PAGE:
There's a lot of news going around about the coronavirus COVID-19. We'd like to add some clarity, rooted in the numbers (see data appendix), on what the government is doing during this acute phase of the pandemic and its impact on the Federal contracting community. This is a living document to reflect the rapidly evolving situation-look for updates to our predictions and the data appendix periodically.
COVID-19 related obligations by department (%)
First, we explore the initial, acute phase of the COVID-19 response, and how it's unfolding. Who are the front-line agencies? We dive into the concrete actions that the government is taking during this phase and how that results in contracting dollars.
We then evaluate the secondary impact outside of simply HHS and VA spending. How are other agencies impacted by the crisis and how is that materializing into contracting dollars? Finally, we look into the longer-term recovery and impact to the Federal contracting community. Will the pandemic result in structural and cultural changes throughout the industry? What are some of the risks and opportunities in this new landscape?
We've all been shocked at the rapid nature of this story unfolding across the globe. The Federal government has been doing its best to deal with the crisis in the form of congressional legislation and rapid awards of contracting dollars. In the short term this means primarily vaccine research, healthcare spending and mitigation efforts across other agencies.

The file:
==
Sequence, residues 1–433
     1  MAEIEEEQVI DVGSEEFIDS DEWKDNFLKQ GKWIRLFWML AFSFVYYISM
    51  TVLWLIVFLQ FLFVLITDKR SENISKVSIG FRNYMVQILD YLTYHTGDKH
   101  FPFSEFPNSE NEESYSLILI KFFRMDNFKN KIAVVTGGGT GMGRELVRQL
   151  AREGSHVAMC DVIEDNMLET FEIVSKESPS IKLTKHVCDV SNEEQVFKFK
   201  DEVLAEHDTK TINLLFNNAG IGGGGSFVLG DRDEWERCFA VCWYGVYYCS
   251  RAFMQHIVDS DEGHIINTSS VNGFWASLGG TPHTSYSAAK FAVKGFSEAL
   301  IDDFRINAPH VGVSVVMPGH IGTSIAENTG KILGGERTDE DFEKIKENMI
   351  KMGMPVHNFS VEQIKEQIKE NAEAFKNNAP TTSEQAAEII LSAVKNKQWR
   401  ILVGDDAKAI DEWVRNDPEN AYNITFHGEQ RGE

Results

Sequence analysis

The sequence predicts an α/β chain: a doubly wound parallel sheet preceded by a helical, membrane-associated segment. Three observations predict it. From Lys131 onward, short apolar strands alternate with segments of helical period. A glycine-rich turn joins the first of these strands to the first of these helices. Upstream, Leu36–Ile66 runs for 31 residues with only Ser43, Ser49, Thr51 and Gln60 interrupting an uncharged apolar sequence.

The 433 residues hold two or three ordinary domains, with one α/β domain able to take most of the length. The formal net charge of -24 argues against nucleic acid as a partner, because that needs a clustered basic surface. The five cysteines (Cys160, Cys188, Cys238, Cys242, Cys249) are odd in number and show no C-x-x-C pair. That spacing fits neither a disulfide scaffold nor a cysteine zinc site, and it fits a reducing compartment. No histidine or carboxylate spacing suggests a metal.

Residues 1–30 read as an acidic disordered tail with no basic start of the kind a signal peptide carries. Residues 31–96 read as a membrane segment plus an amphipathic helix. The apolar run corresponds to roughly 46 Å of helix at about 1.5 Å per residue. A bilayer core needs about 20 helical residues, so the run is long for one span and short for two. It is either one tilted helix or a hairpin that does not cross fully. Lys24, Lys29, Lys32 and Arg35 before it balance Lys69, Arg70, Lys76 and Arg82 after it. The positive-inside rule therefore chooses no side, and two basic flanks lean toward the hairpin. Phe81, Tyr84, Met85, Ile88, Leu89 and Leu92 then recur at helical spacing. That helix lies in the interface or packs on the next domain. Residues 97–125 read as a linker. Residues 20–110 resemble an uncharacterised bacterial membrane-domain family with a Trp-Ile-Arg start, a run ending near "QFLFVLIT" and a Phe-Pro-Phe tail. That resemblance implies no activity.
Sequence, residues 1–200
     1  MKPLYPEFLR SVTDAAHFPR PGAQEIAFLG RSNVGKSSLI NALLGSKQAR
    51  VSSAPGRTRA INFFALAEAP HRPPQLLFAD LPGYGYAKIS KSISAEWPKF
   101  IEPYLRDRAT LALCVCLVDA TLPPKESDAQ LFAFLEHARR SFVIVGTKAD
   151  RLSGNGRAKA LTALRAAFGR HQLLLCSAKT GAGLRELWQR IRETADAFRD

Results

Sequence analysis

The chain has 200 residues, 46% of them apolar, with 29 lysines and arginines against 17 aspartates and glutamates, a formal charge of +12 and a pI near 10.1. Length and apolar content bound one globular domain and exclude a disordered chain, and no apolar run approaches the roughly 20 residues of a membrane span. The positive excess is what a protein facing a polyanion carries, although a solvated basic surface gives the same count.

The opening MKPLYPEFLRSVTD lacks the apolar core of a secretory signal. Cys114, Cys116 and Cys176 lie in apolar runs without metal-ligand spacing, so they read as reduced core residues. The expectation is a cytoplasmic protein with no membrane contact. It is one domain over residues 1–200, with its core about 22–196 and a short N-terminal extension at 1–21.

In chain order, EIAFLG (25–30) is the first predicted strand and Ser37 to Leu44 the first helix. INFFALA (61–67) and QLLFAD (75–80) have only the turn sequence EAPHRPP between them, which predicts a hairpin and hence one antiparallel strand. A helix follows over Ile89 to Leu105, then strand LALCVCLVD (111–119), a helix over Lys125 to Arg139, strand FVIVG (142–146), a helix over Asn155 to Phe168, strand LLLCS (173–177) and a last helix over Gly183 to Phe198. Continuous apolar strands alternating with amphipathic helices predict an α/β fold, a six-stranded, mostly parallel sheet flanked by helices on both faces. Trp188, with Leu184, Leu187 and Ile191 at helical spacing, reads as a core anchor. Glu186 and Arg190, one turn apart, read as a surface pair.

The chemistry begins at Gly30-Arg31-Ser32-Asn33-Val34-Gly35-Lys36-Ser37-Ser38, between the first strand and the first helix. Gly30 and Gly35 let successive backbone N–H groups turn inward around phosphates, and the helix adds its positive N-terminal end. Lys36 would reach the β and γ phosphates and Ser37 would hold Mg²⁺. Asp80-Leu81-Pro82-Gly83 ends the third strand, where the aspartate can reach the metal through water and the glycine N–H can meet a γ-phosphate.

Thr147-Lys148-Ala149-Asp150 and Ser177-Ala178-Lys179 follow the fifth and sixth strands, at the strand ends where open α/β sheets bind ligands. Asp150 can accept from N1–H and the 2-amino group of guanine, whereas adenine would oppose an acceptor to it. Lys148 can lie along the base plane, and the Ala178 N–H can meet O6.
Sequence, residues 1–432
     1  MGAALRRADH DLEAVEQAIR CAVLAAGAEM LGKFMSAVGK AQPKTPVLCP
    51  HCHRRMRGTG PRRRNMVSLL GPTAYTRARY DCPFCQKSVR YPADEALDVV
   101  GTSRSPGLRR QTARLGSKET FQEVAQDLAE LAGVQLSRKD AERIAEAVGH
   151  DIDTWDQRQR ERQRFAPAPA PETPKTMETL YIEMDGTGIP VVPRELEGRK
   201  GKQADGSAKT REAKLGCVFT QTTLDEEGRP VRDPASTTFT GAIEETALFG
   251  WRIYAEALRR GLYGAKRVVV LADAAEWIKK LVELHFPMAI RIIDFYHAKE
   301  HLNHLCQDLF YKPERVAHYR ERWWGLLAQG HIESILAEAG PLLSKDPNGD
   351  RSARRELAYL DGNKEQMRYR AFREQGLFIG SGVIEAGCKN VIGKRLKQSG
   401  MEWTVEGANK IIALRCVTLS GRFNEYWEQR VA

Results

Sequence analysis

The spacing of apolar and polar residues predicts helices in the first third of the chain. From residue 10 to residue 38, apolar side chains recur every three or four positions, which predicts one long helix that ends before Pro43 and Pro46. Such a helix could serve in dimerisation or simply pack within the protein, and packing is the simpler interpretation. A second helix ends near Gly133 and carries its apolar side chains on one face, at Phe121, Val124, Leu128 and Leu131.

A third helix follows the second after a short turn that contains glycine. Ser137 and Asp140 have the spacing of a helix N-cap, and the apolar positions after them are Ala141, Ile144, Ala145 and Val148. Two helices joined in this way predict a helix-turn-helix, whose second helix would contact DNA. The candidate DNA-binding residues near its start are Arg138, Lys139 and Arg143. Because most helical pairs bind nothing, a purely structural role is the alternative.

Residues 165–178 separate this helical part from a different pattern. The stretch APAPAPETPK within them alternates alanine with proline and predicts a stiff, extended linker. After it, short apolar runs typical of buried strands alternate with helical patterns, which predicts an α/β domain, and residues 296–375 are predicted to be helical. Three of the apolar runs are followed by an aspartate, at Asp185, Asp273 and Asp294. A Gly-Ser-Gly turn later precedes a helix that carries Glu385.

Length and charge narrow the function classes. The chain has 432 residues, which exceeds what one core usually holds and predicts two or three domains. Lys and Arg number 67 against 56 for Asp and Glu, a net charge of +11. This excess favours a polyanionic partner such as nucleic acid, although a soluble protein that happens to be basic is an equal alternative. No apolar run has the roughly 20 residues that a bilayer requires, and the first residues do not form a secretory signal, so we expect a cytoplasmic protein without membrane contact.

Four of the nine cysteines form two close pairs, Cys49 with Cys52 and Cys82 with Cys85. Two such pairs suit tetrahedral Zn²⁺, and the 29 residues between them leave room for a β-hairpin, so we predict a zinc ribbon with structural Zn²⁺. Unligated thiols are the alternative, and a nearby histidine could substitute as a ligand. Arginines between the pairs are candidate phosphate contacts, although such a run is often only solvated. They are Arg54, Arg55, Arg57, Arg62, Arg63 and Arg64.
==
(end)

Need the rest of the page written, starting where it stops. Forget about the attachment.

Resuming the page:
According to at January 2019 OPM report to Congress, 36% of Federal employees telework to some degree; of the remaining employees, 12% reported that they did not telework by choice and 51% reported that they did not telework due to a barrier. The good news is that the Federal government has been planning for and implementing telework for quite some time. However, it's an abrupt change to go from 36% to 100% overnight.
If we examine the states with active stay-at-home orders, this accounts for 85% of the 2.1M Federal employees.
The day by day uptick of opportunities and awards, primarily for vaccine research, medical equipment, testing supplies and pharmaceuticals.
COVID-19 related obligations by day ($M)
Explore the full analysis by downloading the free eBook on COVID-19 Federal Contracting Analysis here.
Is your company prepared for the shifting landscape within Federal IT procurement? For nearly twenty years, GSA Schedules and agency-IDIQs paved the way for the evolution of second-tier competitions. In 2019, GWACs outpaced IDIQs, for the first time, to become the Government's preferred pathway. Every Federal customer interacts with GWACs, and these vehicles continue to lure in new adopters. From the broad range of services to the number of contractors vying for work, the loyalty to IDIQs is waning as customers begin their march towards GWACs. For many, this statement makes sense; however, getting on a GWAC, let alone finding success, creates a challenge unique to these types of vehicles. It isn't enough to know POLARIS, CIO-SP4, and 8(a) STARS III; a clear vision and strategy are critical to determining the right team, surviving the scorecard, and moving into post-award with a proactive plan to capture business, rather than hopelessly reacting.
written by Jim Sherwood, published 03/09/2021
Revenue growth is the primary focus of every small business, but in a market as complex and fluid as the federal contracting market, growth can often stall due to the lack of the right resources. And when effectively managing expenditures puts the right resources out of reach, small businesses often get caught in a growth Catch-22.
written by Jim Sherwood, published 01/25/2021
Huntsville, Alabama, has long represented a tantalizing market that always felt out of reach for many contractors. Over the last decade, this zip code has been a focal point of growing interest as it became home for many organizations that, on an annual basis, manage billions in contract spending. Based on the latest news, Huntsville's influence over the aviation, space, and missile enterprise will grow significantly in 2021.
written by Jim Sherwood, published 01/15/2021